Opengear devices host net-snmpd which, when enabled, provides status and alert information on demand through SNMP to remote managers. net-snmpd allows external SNMP management software to query the Opengear appliance. Upon receiving a request, it processes the request, collects the requested information and/or performs the requested operation(s) and returns the information to the sender. This information includes:
- Serial port status
- Active users
- Remote Power Control (RPC) and Power Distribution Unit (PDU) status
- Environmental Monitoring Device (EMD) status
- Signal alert status
- Environmental alert status and
- UPS alert status
To enable and configure the SNMP agent.
- Select Alerts & Logging: SNMP (or click on the SNMP daemon on the Service Settings tab on System: Services)
- The SNMP Service Details tab is shown by default. The SNMP Service Details tab controls aspects of the SNMP Service including Security Level. It manages requests from external agents for Opengear status information.
- Check the Enable the SNMP Service box to start the SNMP Service. The Service is disabled by default.
- Select either UDP or TCP for the TCP/IP Protocol. UDP is the recommended protocol and is selected by default. TCP should only be used in special cases such as when Port Forwarding SNMP requests/responses to or from the Opengear device is required.
- Complete the Location and Contact fields. The Location field should describe the physical location of the Opengear and will be used in response to requests for the SNMPv2-MIB::sysLocation.0 of the device. The Contact field refers to the person responsible for the Opengear such as the System Administrator and will be used in response to requests as follows:SNMPv2-MIB::sysContact.0.
- Enter the Read-Only Community and Read-Write Community. This is required for SNMP v1 & v2c only. The Read-Only Community field is used to specify the SNMPv1 or SNMPv2c community that will be allowed read-only (GET and GETNEXT) access. This must be specified in order for both versions to become enabled. The Read-Write Community field is used to specify the SNMPv1 or SNMPv2c community that will be allowed read-write (GET, GETNEXT and SET) access.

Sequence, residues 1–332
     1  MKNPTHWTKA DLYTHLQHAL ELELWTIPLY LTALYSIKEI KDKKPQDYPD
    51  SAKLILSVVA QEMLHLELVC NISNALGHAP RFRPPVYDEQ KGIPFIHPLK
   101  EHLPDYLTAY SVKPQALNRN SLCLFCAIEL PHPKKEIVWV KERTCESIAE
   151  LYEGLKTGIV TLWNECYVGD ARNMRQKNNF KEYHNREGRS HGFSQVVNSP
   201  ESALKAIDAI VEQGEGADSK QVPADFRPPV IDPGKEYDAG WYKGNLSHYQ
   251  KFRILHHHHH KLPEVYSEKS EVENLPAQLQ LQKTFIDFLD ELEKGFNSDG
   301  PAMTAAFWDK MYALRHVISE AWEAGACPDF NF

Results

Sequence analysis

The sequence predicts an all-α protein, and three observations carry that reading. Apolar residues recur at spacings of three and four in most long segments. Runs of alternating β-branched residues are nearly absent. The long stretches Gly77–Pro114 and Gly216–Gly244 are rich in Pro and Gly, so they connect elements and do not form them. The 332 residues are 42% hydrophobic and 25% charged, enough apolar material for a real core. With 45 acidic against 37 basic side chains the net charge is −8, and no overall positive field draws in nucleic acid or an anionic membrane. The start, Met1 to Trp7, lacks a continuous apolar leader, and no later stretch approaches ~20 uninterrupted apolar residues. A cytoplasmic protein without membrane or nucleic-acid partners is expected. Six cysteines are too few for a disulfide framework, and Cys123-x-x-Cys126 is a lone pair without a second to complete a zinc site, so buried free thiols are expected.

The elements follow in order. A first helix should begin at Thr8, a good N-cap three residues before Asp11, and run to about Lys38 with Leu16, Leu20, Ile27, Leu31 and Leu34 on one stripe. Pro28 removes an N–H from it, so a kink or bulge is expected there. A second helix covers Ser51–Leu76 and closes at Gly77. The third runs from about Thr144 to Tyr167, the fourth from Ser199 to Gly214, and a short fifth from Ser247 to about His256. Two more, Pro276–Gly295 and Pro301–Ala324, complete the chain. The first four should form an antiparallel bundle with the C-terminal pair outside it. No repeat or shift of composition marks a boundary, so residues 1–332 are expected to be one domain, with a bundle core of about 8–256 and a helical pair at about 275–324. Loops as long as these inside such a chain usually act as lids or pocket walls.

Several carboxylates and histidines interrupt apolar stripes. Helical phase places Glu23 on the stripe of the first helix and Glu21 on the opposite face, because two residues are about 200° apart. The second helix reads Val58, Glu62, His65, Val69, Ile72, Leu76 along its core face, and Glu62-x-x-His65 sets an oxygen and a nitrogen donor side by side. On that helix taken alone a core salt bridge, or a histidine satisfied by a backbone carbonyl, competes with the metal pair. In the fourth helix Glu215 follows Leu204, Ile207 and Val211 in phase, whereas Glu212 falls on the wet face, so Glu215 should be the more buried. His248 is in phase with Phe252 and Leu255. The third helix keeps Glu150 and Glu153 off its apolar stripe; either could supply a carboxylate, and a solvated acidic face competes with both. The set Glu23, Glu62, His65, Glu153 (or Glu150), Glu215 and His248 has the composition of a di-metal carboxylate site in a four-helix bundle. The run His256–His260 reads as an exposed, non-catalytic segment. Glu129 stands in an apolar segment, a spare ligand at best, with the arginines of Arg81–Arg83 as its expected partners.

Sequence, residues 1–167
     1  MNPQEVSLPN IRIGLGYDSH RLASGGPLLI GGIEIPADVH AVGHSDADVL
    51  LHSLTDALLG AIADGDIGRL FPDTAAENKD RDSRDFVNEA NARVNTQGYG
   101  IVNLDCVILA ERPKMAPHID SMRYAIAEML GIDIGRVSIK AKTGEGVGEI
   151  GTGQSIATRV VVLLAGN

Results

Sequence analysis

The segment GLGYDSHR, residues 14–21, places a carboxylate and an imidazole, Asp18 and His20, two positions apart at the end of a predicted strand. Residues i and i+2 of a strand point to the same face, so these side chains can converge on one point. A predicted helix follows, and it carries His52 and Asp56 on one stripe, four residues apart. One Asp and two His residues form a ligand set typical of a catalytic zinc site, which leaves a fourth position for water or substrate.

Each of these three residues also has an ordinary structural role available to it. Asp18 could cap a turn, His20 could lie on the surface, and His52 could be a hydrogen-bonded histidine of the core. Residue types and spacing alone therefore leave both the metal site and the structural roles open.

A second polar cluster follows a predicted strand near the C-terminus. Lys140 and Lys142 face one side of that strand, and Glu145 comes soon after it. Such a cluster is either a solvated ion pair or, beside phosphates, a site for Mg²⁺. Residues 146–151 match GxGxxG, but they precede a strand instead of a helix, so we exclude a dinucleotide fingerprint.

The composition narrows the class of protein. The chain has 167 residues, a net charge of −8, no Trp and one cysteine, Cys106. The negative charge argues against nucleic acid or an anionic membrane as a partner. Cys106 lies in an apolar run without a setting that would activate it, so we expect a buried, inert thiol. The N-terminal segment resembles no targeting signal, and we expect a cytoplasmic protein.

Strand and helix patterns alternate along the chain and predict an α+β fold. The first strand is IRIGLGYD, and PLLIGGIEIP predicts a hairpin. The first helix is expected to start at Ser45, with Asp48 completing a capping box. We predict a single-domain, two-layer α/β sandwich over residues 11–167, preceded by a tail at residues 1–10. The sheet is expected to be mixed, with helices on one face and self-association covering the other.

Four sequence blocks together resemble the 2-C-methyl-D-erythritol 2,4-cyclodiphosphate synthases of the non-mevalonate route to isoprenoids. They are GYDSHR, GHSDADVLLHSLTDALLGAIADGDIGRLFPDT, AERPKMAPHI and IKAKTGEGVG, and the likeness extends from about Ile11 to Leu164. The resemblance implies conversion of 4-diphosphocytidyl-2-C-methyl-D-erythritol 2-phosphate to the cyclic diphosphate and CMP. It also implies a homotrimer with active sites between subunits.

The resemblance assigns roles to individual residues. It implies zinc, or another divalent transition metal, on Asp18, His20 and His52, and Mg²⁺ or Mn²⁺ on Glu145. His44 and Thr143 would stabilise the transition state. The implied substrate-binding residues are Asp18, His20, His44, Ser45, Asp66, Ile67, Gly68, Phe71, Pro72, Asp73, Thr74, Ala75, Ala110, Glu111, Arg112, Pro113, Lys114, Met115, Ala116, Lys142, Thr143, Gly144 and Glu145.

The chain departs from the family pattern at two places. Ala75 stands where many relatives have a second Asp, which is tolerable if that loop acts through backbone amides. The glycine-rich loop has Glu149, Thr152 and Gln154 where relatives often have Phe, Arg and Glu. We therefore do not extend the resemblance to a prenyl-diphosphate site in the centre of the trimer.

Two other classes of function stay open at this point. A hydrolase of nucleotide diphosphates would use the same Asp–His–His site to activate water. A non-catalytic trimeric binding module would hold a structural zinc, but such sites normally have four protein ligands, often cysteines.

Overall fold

- Configure SNMP v3, if required. SNMP v3 provides secure SNMP operations through the use of USM (User-based Security Model). It offers various levels of security including user-based authentication and basic encryption.
- The Engine ID is used to localize the SNMPv3 user. It will be automatically generated from a Network Interface (eth0) hardware address, if left blank, or must be entered as a hex value e.g. 0x01020304.
- Specify the Security Level:
No authentication or encryption is required. This is the minimum level of security.
Authentication will be required but encryption is not enforced. An authentication protocol (SHA or MD5) and password will be required.
Enforces the use of encryption. This is the highest level of security and requires an encryption protocol (DES or AES) and password in addition to the authentication protocol and password.
- Complete the Read Only Username. Enter the read only security name. This field is mandatory and must be completed when configuring the console server for SNMPv3.
- For a Security Level of auth, select the Auth. Protocol (SHA or MD5) and the Auth. Password. A password of at least 8 characters is required.
- For a Security Level of priv, select the Privacy Protocol (DES or AES) and the Privacy Password. AES is recommended as it provides stronger privacy but requires more intense calculations. A password of at least 8 characters is required.
- Click Apply
Once the SNMP agent has been configured, make sure that SNMP is allowed by checking the SNMP box, for the respective interface, in System, Services, Service Access.
Note The console server supports different versions of SNMP including SNMPv1, SNMPv2c and SNMPv3. SNMP, although an industry standard, brings with it a variety of security concerns. For example, SNMPv1 and SNMPv2c offer no inherent privacy, while SNMPv3 is susceptible to man-in-the-middle attacks. Recent IETF developments suggests tunnelling SNMP over widely accepted technologies such as SSH (Secure Shell) or TLS (Transport Layer Security) rather than relying on a less mature security systems such as SNMPv3's USM (User-based Security Model). Additional information regarding SNMP security issues and SNMPv3 can be found at:
Note: Some new SNMP status and trap MIBs were created in firmware versions 3.10.2 and above, to provide more and better structured SNMP status and traps from the console servers. However there is an option to Use Legacy Notifications for the SNMP traps. Setting this option means the console server will send the older SNMP traps that are compatible with those sent in older firmware before the new MIBS were added - ensuring that the firmware upgrade won't upset existing SNMP management a user will already have in place.
Refer https://opengear.zendesk.com/entries/32422199-New-status-and-trap-MIBS for more details.